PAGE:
New cars built after May 1, 2018 and sold in the USA will have to be fitted with a rear-view camera, after US Department of Transportation (DOT) regulations from 2014 finally came into force.
The rule, which requires "all vehicles under 10,000 pounds, including buses and trucks, manufactured on or after May 1, 2018, to come equipped with rear visibility technology that expands the field of view to enable the driver of a motor vehicle to detect areas behind the vehicle to reduce death and injury resulting from back over accidents", was driven by vocal safety advocates.
Those same advocates actually sued the US DOT in 2013, after the deadline for its introduction was repeatedly pushed back. George W. Bush actually directed the body to overhaul rear visibility rules in 2008, and gave it three years to achieve reform.
That deadline was repeatedly revised by the DOT, before being finalised in 2014.
According to the US National Highway Traffic Safety Administration, around 300 people are killed and more than 15,000 are injured in American reversing accidents. Nearly half of those killed are younger than five years old.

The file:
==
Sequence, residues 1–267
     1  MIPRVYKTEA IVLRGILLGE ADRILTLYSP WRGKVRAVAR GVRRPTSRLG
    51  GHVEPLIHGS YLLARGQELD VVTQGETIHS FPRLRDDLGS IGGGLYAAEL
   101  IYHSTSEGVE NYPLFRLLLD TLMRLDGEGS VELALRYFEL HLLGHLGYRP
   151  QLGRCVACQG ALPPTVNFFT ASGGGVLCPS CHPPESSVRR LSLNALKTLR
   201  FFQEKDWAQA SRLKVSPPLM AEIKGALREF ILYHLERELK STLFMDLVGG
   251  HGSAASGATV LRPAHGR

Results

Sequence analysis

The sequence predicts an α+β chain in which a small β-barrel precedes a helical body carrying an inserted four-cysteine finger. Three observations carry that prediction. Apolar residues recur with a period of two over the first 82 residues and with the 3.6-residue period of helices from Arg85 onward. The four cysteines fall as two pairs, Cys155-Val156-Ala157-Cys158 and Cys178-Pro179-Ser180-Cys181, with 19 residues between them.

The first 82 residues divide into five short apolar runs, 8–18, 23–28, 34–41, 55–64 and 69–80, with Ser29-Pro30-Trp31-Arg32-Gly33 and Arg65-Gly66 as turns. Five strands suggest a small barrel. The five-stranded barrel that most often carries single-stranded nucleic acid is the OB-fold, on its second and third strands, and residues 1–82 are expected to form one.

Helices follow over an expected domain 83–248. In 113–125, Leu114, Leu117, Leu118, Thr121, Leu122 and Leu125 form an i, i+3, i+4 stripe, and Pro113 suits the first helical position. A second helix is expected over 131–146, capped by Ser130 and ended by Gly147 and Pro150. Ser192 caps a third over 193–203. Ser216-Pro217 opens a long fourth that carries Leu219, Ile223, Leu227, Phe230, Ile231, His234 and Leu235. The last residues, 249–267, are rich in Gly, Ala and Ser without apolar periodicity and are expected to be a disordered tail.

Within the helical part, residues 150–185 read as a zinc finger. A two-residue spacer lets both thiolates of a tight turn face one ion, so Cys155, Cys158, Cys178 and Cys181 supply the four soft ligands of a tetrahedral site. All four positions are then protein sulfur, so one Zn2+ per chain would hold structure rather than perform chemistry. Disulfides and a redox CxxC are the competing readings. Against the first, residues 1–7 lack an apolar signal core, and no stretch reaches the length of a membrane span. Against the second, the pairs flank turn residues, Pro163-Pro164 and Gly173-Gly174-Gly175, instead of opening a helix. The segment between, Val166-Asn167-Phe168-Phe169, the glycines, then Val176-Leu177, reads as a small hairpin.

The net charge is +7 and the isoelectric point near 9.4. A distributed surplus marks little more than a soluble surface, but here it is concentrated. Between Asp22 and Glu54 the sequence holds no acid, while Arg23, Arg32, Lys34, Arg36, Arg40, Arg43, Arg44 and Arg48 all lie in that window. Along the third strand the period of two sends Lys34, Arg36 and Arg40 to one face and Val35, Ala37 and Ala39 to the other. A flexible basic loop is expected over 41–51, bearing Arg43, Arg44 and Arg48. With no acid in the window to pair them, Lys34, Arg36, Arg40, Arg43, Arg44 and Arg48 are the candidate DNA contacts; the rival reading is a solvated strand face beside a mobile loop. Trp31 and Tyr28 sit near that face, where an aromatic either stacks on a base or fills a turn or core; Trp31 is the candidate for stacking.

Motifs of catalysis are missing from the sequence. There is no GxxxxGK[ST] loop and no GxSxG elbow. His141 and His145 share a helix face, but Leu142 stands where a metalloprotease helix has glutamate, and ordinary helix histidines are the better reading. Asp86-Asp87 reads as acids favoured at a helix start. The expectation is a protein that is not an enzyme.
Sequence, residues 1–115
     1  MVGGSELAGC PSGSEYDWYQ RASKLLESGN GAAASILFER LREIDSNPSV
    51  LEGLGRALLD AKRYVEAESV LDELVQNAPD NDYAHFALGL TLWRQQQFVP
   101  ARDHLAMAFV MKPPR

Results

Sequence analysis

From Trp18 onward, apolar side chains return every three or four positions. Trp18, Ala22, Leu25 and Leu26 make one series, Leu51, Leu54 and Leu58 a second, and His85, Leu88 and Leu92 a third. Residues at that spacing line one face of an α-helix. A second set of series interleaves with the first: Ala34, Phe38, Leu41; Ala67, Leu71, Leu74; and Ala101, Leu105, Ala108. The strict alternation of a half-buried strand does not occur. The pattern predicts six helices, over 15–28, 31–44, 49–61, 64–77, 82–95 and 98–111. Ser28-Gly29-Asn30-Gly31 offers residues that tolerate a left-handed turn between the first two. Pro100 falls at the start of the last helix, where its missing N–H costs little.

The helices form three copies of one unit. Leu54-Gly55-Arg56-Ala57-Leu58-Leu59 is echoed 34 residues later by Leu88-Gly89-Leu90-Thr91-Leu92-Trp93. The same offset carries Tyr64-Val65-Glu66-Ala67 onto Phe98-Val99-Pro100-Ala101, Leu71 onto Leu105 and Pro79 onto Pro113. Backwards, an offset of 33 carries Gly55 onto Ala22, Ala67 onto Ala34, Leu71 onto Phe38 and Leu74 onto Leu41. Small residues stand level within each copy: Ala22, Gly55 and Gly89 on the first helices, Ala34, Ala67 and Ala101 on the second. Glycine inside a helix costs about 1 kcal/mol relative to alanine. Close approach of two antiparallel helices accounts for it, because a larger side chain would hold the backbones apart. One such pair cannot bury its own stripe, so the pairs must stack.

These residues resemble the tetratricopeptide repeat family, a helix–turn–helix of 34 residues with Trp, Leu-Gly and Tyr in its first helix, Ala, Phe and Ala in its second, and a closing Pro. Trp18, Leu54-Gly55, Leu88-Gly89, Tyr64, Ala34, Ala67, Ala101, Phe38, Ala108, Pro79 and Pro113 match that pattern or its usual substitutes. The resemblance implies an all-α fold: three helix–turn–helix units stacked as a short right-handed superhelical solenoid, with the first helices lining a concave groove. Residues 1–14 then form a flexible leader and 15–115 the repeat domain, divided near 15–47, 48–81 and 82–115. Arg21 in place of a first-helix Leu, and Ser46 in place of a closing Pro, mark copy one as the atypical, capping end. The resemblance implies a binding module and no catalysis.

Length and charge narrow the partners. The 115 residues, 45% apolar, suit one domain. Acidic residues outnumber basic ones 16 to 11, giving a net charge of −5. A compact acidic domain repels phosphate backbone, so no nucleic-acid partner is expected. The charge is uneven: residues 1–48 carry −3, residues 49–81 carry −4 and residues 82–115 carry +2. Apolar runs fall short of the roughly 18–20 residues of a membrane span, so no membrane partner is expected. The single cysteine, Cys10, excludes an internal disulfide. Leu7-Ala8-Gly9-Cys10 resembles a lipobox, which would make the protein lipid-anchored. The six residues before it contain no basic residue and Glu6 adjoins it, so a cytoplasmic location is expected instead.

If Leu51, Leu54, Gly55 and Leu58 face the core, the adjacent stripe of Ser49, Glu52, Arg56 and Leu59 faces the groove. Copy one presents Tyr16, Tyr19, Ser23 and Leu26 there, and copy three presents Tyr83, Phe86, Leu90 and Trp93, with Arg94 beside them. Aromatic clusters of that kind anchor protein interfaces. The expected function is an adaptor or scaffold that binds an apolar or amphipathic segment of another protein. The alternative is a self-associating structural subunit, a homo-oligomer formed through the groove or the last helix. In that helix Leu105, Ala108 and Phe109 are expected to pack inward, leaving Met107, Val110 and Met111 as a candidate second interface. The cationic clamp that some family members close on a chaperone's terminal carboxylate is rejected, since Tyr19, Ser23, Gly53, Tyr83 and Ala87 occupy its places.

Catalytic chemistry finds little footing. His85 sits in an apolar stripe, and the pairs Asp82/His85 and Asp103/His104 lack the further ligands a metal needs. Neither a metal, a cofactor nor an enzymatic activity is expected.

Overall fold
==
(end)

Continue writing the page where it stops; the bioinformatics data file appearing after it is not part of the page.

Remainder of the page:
Along with rear-view cameras, there are research bodies pushing for more safety equipment to be standard on all vehicles.
Research by the US Insurance Institute for Highway Safety says autonomous-emergency braking could cut rear-end accidents by 50 per cent, while blind-spot monitoring could slice lane-change smashes by 13 per cent.
"NHTSA prioritises safety on US roads, and today we’ve reached an important milestone,” NHTSA Deputy Administrator Heidi King told ABC News USA in a statement.
“This technology helps drivers see behind the vehicle, which we anticipate will help save lives and prevent injuries.”
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